This study examined critical periods in development to determine when offspring were most susceptible to dietary sodium manipulation leading to amphetamine sensitization. Wistar dams (n = 6–8/group) were fed chow containing low (0.12% NaCl; LN), normal (1% NaCl; NN), or high sodium (4% NaCl; HN) during the prenatal or early postnatal period (birth to 5 wk). Offspring were fed normal chow thereafter until testing at 6 mo. Body weight (BW), blood pressure (BP), fluid intake, salt preference, response to amphetamine, open field behavior, plasma adrenocorticotropin hormone (ACTH), plasma corticosterone (Cort), and adrenal gland weight were measured. BW was similar for all offspring. Offspring from the prenatal and postnatal HN group had increased BP, NaCl intake, and salt preference and decreased water intake relative to NN offspring. Prenatal HN offspring had greater BP than postnatal HN offspring. In response to amphetamine, both prenatal and postnatal LN and HN offspring had increased locomotor behavior compared with NN offspring. In a novel open field environment, locomotion was also increased in prenatal and postnatal LN and HN offspring compared with NN offspring. ACTH and Cort levels 30 min after restraint stress and adrenal gland weight measurement were greater in LN and HN offspring compared with NN offspring. These results indicate that early life experience with low- and high-sodium diets, during the prenatal or early postnatal period, is a stress that produces long-term changes in responsiveness to amphetamines and to subsequent stressors.
- behavioral sensitization
- psychomotor stimulant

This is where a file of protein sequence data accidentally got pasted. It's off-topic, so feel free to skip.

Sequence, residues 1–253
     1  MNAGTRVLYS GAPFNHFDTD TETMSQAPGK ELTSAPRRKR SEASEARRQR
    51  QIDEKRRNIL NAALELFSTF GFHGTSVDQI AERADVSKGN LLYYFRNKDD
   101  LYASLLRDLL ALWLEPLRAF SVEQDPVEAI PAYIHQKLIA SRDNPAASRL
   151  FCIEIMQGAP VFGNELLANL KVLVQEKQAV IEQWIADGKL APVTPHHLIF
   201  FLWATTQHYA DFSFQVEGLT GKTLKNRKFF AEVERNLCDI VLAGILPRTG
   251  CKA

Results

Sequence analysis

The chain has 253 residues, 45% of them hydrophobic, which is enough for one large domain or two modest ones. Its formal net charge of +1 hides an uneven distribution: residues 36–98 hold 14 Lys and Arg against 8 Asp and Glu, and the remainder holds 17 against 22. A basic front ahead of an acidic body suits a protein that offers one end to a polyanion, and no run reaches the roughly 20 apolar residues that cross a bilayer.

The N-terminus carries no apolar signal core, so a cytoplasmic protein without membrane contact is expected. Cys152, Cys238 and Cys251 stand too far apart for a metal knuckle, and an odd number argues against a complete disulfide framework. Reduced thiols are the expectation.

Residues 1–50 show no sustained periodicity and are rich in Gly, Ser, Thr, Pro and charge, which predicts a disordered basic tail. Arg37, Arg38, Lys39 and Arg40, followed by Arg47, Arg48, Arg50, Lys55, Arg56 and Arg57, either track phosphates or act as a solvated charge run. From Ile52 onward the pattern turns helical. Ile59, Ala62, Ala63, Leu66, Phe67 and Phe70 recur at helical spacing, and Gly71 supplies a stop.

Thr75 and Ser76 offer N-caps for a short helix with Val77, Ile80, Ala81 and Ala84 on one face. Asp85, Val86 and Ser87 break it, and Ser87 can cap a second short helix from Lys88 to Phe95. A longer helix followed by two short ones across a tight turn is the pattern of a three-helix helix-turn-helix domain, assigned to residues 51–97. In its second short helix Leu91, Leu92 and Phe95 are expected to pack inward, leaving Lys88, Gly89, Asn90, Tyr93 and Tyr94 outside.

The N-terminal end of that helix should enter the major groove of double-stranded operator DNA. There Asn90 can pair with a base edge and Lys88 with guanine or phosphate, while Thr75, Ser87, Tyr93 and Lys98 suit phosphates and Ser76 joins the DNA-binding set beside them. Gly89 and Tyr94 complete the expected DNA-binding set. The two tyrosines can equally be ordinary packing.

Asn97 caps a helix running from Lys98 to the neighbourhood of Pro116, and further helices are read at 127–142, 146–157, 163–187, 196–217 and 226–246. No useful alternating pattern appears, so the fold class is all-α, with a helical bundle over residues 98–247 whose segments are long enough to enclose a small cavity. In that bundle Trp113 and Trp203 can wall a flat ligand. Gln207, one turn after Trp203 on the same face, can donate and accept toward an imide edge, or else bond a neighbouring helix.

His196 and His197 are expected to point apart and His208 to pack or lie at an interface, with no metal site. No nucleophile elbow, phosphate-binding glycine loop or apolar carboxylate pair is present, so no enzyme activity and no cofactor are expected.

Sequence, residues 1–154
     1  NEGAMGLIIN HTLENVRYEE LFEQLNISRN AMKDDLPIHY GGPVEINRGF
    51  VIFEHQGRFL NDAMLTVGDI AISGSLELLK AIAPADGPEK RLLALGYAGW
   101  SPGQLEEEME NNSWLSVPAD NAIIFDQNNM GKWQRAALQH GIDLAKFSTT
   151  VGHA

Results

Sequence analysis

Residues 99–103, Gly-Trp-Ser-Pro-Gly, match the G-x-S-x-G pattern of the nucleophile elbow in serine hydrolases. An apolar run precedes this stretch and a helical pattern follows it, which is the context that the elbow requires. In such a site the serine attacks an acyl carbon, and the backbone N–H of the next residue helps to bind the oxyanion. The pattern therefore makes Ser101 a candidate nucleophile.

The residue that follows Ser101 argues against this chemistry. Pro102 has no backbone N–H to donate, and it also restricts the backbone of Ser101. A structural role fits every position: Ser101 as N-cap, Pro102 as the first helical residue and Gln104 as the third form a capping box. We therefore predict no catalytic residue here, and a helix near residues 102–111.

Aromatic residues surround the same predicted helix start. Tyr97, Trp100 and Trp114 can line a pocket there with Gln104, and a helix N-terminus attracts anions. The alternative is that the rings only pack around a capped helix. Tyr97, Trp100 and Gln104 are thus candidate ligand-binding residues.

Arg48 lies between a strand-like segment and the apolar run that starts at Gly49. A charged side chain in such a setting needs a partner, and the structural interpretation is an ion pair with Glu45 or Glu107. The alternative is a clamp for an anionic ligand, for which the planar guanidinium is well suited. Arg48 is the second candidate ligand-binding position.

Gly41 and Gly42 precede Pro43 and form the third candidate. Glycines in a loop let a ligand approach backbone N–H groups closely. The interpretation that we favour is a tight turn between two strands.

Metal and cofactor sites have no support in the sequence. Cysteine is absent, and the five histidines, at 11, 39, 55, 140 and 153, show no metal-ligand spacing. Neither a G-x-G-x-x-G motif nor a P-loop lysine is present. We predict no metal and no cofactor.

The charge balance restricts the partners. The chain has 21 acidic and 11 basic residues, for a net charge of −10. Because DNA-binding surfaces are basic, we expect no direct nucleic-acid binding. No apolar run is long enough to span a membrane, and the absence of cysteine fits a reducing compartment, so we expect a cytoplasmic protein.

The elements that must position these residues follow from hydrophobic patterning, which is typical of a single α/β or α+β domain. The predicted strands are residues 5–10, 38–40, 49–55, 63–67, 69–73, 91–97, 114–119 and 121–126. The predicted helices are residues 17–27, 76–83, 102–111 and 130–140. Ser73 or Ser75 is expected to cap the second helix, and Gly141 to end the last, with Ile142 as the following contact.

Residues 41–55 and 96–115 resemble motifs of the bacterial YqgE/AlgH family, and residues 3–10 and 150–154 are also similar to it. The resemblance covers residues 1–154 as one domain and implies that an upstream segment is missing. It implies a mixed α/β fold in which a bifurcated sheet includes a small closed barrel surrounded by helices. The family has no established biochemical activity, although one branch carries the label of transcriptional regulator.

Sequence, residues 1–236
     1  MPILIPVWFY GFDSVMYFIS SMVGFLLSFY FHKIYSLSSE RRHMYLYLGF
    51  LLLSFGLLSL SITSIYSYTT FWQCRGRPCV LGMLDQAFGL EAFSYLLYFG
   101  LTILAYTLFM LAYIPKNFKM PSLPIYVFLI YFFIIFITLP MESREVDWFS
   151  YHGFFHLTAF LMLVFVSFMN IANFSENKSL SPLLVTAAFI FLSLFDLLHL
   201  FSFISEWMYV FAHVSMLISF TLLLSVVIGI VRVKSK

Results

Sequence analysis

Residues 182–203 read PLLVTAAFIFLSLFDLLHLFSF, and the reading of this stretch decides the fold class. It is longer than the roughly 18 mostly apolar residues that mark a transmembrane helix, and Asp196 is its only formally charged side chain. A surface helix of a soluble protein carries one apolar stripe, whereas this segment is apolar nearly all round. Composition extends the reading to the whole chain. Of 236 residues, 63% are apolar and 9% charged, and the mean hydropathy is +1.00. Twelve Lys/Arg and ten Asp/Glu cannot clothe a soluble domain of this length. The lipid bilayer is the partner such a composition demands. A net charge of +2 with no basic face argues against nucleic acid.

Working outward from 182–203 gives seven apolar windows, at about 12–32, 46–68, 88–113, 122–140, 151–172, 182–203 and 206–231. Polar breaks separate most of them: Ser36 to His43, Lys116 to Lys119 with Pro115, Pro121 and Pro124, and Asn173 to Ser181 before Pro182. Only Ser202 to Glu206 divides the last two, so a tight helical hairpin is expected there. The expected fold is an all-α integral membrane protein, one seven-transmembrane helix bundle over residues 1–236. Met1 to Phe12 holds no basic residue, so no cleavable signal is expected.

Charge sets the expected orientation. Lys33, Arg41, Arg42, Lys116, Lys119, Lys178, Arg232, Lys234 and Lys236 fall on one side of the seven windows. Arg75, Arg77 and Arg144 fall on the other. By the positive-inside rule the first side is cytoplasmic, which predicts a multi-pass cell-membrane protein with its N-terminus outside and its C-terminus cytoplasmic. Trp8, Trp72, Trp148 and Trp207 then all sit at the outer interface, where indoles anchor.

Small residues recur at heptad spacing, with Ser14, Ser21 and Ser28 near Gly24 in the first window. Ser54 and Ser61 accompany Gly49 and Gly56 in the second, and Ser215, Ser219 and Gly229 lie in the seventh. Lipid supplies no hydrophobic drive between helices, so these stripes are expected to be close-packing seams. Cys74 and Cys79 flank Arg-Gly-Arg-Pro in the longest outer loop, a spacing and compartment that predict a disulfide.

- salt appetite
drugs of abuse and natural motivators or stimuli, such as sodium deprivation or stress, activate similar neural circuits involved in mediating reward and drive-related responses (12, 18, 28). One of the main systems believed to be involved in triggering these behaviors is the mesocorticolimbic dopamine system, with dopaminergic projections traveling from the midbrain ventral tegmental area to the nucleus accumbens and other limbic and cortical areas (38, 44). With repeated exposure to both amphetamines and sodium deprivation, behavioral sensitization develops (38, 48). Sensitization can be described as an increased and enduring response to the same stimuli with repeated exposures (38). With amphetamines, sensitization manifests itself as increased locomotor behavior (21, 53). Repeated amphetamine treatment leading to sensitization is associated with morphological changes in nucleus accumbens neurons, including increased spine density, dendritic length, and dendritic branching (46). Repeated sodium deprivation can lead to an enduring daily increase in the ingestion of hypertonic NaCl in otherwise sodium-replete rats (48), and a history of sodium depletion is also associated with morphological changes in neurons in the shell of the nucleus accumbens, an area that receives dopaminergic input (47). This suggests that the behavioral sensitization to repeated amphetamines and sodium-state manipulations share a common neural basis involving changes in the dopaminergic system.
Once behavioral sensitization has developed to one substance, an animal may also be more responsive to other substances that activate the dopaminergic system, termed cross-sensitization. Clark and Bernstein (12) showed that rats exposed to repeated sodium deficiencies were more responsive to amphetamines and vice versa. This process of cross-sensitization can also occur during early development. Previous work in our laboratory (33) revealed that offspring from dams maintained on sodium-deficient diets during the prenatal and early postnatal period were more responsive to amphetamines when tested as adults than their normal counterparts. This implies that early life experience with sodium deficiency has long-lasting effects on the organization of the developing brain, sensitizing offspring to amphetamines.